But imagine, for a moment, the totally different force which would be drawn up, if either in Parliament, or by any new process in any of our courts, the slightest change were now attempted to be made in the Church of England "as by law established." The estimate might be nearly as follows:

For the Tractarian movement.

A few hundreds of the Clergy, chiefly juniors.

A score or two of lawyers, and four or five young Members of Parliament.

Against it.

A large proportion of the clergy, say
one third, a half, or two-thirds, ac-
cording to the nature of the ques-

Ninety-nine-hundredths of the con-
gregations in all our churches.
The whole Wesleyan body.

The bulk of the middle classes, dread-
ing Popery, and all approaches
to it.



It is quite evident, therefore, that in anything resembling a contest, the "ecclesiastical agitators must receive a defeat. only thing to be dreaded would be, their inveigling some diocesan or other ecclesiastical authority, into taking a prominent part in the affair; and so involving higher interests than their own, and hazarding more serious results than their own discomfiture.

At present, however, we can pursue this subject no further. We have given our readers a hasty sketch of a very interesting piece of interior history. And to the Tractarians we only offer, in the most friendly feeling, this one piece of advice,-to ponder well the last ten months of Laud's life, before they aim at copying the last ten years.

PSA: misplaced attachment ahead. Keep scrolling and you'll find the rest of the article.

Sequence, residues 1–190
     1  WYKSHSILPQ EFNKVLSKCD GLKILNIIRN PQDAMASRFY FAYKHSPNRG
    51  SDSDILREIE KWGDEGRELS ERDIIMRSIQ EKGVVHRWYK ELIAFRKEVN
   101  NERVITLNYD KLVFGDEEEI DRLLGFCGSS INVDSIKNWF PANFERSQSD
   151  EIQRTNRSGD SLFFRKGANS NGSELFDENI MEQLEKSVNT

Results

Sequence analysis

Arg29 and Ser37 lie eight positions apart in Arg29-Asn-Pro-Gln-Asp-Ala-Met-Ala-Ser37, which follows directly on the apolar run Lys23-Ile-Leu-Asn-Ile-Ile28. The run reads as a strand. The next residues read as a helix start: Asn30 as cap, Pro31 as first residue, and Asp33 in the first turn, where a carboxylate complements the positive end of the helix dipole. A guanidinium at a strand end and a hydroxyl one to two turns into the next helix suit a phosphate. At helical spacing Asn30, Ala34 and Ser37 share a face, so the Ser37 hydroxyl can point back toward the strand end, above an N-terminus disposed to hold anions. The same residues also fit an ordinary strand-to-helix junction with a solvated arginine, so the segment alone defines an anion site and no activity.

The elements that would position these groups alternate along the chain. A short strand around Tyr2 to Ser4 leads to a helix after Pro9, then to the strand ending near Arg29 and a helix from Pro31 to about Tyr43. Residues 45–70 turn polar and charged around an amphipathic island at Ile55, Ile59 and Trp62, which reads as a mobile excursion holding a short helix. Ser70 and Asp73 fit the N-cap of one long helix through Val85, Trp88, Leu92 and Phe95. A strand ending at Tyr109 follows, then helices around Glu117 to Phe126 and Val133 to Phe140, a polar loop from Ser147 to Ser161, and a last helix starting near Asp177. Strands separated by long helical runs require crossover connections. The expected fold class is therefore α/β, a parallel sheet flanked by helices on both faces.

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A LETTER to the Vice Chancellor of the University of Oxford. By the Rev. J. GARBETT, M.A. Professor of Poetry, &c. London: Hatchards. 1843.

A LETTER to Lord Ashley, respecting a certain proposed
measure for stifling the expression of opinion in the University
of Oxford. By F. D. MAURICE, A.M. Chaplain of Guy's
Hospital. London: Parker. 1843.

CHURCH CATECHISM. For the use of Young Persons.
Oxford: W. Graham. London: J. Toovey. 1843.

To keep pace
with the various minor movements which are going
on all around, we must join, on some occasions, two or three
pamphlets, not very obviously connected, in one notice. We have
here an Anti-Tractarian, a Via Media, and a Tractarian publica-

The first is the Letter of the Professor of Poetry, elicited by the late proceedings of Dr. Pusey and his friends. As we have already given as much space as the matter deserves to this affair, we shall merely extract one or two passages, in which Mr. Garbet very forcibly demolishes some of the fictions which have been invented for the purpose of exciting the public sympathy. On the pretext, so constantly advanced,-that Dr. Pusey had been "condemned without a hearing," Mr. Garbett observes,—